[This post is in response to a request following my last one.]

a-kid-readingOffering, even encouraging, our children to read biographies brings them in contact with real life examples of men and women who conquered great odds or simply the lazy, worldly attitude of “getting by” and became heroes within their own spheres. Well-chosen biographies introduce your child to the possibility that they too can change the world.

When your child reads about these “heroes” help them understand:

  1. The Providential placement of that individual in history.
  2. What was responsible for their character development and training?
  3. What character attributes did they possess that distinguished them?

Here is a very short list to start with (this was geared to boys, but there are many excellent accounts of women, such as Abigale Adams, that can be found).

Carry On, Mr. Bowditch by Jean Lee Latham

This is the story of Nathaniel Bowditch, sailor and mathematician, whose love of learning, led to a quest for mastery.

In remembering Dr. Bowditch at his passing, his associates in the Salem Marine Society said of him: “In his death a public, a national, a human benefactor has departed. Not this community, nor our country only, but the whole world, has reason to do honor to his memory. When the voice of Eulogy shall be still, when the tear of Sorrow shall cease to flow, no monument will be needed to keep alive his memory among men; but as long as ships shall sail, the needle point to the north, and the stars go through their wonted courses in the heavens, the name of Dr. Bowditch will be revered as of one who helped his fellow-men in a time of need, who was and is a guide to them over the pathless ocean, and of one who forwarded the great interests of mankind.”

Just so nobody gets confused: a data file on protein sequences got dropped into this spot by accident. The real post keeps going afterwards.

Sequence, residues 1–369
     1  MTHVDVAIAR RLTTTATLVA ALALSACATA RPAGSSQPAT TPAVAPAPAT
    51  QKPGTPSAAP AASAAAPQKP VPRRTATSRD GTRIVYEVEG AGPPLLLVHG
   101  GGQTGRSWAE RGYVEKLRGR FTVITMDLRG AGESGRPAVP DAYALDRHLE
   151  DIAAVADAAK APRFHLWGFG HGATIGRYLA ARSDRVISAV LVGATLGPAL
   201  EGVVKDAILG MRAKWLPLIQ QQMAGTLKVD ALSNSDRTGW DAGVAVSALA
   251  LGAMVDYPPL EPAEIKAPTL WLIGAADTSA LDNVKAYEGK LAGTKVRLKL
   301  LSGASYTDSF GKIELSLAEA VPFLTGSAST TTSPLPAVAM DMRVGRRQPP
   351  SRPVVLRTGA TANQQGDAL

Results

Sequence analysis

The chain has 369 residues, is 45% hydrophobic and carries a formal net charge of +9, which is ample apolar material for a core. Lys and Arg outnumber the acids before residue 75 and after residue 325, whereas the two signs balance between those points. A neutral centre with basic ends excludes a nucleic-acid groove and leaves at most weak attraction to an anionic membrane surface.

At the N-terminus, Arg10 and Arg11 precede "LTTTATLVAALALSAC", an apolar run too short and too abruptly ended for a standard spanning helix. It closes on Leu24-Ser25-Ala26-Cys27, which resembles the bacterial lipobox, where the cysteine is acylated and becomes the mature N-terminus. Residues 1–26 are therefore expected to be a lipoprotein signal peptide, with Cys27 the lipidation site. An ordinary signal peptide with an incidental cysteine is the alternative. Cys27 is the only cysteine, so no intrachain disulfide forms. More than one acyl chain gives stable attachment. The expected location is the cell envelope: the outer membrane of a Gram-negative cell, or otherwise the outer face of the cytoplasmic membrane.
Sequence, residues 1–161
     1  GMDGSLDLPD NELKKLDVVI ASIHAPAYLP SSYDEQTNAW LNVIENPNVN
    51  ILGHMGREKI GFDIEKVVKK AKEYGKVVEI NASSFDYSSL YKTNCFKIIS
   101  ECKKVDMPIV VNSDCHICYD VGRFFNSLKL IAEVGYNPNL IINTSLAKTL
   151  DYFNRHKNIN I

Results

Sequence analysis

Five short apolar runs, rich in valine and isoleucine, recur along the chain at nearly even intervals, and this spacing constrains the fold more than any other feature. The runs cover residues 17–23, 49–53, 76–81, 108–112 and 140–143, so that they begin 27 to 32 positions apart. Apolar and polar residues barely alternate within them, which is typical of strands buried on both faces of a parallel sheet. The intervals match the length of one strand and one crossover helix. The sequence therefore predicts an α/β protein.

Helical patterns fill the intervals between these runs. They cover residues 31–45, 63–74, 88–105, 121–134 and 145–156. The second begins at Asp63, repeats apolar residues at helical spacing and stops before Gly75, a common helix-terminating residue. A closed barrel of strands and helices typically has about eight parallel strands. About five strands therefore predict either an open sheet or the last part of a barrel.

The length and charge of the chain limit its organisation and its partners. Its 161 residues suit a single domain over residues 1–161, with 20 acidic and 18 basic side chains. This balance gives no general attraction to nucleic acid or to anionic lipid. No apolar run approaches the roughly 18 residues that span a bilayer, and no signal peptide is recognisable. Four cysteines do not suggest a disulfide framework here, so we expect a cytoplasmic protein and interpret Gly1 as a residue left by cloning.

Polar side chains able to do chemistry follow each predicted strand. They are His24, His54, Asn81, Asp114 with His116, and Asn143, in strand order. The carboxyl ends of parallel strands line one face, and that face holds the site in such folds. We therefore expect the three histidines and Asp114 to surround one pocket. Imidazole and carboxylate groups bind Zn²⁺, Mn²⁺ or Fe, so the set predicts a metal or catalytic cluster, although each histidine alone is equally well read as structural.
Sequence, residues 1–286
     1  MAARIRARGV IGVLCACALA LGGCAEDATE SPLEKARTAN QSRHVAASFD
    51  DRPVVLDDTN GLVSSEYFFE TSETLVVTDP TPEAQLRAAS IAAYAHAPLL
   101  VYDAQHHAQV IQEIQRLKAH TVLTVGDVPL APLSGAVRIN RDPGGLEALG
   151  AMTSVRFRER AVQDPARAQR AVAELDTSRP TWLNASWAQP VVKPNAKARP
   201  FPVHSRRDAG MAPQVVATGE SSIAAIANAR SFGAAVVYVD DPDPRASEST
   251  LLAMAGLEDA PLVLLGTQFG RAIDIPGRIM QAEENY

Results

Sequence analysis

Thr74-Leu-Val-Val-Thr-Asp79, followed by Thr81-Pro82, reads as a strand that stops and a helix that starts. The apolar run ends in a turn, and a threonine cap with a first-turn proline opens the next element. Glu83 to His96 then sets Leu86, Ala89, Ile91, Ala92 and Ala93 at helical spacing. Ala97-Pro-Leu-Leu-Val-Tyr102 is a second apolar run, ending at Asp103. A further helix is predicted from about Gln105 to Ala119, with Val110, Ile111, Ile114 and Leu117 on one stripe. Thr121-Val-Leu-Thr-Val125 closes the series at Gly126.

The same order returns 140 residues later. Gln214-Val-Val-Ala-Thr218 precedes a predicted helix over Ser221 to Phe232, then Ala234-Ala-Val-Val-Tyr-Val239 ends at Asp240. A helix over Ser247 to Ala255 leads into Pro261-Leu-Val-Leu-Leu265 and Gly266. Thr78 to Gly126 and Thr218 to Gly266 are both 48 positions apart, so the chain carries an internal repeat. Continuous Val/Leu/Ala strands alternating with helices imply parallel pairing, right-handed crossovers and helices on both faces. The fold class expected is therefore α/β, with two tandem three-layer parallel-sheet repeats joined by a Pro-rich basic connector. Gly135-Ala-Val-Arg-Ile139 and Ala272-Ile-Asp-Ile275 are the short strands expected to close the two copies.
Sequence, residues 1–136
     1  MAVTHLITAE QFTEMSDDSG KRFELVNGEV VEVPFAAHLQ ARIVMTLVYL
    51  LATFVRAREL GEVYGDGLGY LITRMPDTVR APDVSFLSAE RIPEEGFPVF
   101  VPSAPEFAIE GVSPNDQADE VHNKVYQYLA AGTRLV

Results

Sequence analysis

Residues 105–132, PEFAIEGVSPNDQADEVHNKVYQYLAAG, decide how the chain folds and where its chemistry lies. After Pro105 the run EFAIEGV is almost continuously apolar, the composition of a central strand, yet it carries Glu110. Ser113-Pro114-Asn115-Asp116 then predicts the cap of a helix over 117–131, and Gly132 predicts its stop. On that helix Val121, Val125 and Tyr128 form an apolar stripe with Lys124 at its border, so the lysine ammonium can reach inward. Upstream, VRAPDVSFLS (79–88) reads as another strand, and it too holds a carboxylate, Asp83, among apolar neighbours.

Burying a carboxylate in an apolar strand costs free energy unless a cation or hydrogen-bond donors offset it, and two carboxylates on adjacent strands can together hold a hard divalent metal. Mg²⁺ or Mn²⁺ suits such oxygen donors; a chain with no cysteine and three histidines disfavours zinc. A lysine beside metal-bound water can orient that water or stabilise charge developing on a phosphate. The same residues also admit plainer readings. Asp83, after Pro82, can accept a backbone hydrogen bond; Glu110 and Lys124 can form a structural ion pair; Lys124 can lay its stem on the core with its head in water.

Little House in the Big Woods by Laura Ingalls Wilder  Yes, boys love this story—especially the chapter that tells the story of the sleigh ride on Sunday.

Benjamin West and His Cat, Grimalkin by Marguerite Henry This link also offers other biographies for young children

Sebastian Bach, The Boy from Thuringia by Opal Wheeler. This is a wonderful story about perseverance and diligence.This link also leads to other stories of composers.

Matthew Maury (I don’t have a preferred author for this one)

William Tyndale by David Daniel

Education of James Madison

Sir Walter Scott, Wizard of the North by Pearl Henriksen Shultz   This is a biography is the perfect prelude to reading Ivanhoe

The Spirit of St. Louis by Charles A. Lindberg

Other fabulous sources are family histories and books about Pioneers such as Follow Me to Zion. A book like this could be shared one story at a time while the children gather around and a parent or older sibling retells it at their level.